#Litecoin Must Upgrade
1)Wallet address like dns (imagine use ip instead dns). Example:
fuorissimo.litecoin.com > pubblic key address
2)send/receive password: if wrong/not typed, abort trx. Security/stole/errors solved. This Is my 5 years battle
- DNS is centralized and requires way too much trust.
- This is ambiguous. Spend some time to actually develop a detailed idea (even if it doesn’t cover the technical aspects), then create a new thread with it. Spamming already-busy devs with a few non-descript sentences on completely unrelated threads across multiple platforms isn’t an effective approach.
Please keep this thread to posts regarding MWEB, if you would like to discuss potential new features, please create a brand new post.
Except blake3 is more susceptible to brute force attacks, is it not? Maybe I just don’t understand it. I’m not very code savvy.
SHA2 is ~10x slower than blake3, so while theoretically that means it takes 10x longer to naively brute force, 10x longer than forever is still forever.
Is quantum computing really forever away though? Maybe this would be adequate for now but Im just thinking long term sorry.
Yes, most likely. But even if that weren’t the case, most hashing algorithms (including blake3 & sha256) are generally considered quantum secure.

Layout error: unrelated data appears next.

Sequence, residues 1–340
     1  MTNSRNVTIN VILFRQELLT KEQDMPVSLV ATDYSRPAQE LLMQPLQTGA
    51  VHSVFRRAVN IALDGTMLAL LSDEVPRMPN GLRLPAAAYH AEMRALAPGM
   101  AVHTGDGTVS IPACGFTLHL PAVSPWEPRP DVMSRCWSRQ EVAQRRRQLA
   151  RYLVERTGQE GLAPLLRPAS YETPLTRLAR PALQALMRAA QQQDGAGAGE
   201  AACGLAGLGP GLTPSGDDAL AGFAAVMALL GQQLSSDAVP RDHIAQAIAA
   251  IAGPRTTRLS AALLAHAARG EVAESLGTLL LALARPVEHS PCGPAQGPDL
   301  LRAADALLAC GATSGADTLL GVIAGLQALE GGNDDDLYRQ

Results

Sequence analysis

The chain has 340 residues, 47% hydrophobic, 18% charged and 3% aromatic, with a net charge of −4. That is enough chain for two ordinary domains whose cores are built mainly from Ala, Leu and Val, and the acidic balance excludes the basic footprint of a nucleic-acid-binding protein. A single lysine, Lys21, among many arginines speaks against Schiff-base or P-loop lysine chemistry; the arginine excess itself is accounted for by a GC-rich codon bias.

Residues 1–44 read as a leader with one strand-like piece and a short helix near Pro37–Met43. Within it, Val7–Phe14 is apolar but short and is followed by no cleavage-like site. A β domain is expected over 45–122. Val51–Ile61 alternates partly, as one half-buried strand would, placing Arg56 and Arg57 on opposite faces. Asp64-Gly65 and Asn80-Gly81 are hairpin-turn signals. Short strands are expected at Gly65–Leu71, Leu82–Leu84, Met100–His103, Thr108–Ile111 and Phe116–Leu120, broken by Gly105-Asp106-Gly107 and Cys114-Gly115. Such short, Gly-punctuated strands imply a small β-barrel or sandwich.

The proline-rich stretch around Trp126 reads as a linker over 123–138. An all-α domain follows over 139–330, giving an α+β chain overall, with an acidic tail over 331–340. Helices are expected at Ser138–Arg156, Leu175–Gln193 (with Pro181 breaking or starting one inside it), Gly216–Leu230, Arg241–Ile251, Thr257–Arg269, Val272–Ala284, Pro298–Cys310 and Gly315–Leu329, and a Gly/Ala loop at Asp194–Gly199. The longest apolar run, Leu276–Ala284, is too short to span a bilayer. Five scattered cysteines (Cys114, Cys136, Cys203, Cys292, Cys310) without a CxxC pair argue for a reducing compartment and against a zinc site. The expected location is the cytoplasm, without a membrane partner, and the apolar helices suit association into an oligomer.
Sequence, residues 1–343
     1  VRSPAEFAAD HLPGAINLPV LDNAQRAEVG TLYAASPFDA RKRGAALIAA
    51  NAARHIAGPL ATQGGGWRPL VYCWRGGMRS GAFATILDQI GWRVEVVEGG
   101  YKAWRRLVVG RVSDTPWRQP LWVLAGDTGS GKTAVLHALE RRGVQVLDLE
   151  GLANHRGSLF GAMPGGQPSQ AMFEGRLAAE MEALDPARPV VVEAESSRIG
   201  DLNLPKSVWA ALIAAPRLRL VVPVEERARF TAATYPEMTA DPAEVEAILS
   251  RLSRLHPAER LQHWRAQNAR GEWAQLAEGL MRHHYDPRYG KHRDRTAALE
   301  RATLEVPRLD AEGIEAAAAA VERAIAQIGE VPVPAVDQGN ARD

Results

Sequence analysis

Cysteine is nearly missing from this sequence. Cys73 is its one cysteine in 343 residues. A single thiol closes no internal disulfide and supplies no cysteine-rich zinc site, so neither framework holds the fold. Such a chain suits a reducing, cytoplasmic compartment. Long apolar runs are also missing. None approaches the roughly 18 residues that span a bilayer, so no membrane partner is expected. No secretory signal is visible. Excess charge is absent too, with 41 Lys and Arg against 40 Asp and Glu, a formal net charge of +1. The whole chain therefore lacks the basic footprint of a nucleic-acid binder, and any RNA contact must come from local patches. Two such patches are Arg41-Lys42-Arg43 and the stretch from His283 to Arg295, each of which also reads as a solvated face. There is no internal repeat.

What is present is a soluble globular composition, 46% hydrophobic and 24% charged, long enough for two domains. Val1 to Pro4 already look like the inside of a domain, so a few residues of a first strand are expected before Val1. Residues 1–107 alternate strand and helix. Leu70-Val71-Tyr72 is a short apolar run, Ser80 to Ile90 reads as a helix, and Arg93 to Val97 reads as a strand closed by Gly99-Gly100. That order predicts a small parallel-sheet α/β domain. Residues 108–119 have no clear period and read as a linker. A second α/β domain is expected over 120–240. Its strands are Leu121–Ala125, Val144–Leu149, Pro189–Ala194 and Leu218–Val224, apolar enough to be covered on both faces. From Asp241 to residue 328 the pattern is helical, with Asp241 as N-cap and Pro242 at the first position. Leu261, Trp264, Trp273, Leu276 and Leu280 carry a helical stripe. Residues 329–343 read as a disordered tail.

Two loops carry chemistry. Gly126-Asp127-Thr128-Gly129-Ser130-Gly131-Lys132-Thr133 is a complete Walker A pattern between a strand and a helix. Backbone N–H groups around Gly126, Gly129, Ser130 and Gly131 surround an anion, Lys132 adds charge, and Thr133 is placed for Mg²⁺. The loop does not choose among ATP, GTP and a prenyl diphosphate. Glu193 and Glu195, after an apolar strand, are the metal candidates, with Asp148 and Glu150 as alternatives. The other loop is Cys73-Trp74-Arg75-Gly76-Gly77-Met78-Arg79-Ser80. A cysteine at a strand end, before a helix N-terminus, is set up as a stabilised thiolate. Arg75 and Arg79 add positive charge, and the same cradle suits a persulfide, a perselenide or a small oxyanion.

MWEB will never be activated on the mainnet. But if suddenly, all the same, activation occurs, then this will become the destruction of Litecoin. Charlie knows it (LitePay remembering), but he doesn’t care
Would you mind explaining in another thread where your conclusions came from?
Great work and dedication, David B.
Hello @David, I heard the podcast you have been interviewed and also the presentation on Stanford. First of all, thanks. I think you and Charlie are admirable.
Also, as I have understood a little bit more (as I am not technical on aspects of cryptography) you are implementing a sidechain with MWEB using elliptic curves. That means the validation of transactions inside MWEB will occur inside MWEB thought Consensus rules .
That said, I suppose simpler implementations of MWEB could just transact inside sidechain without the ability to pegin and pegout. Right?
I mean if will be possible to write some specific piece of code (to use on regular day-to-day transactions for example) to run on my cellphone, so I could receive funds inside MW, to buy ice-cream and pay the cinema without disclosing how many LTC I own, and then get the change back to another wallet without the effort to have to peg-in and peg-out while I’m on the street.
Have I understood correctly?
I’ve shifted away from writing new code so the MWEB codebase can remain stable while the auditors perform their review. I’ve been focusing instead on rebasing our changes from the LTC 0.18 branch to the LTC 0.21 branch.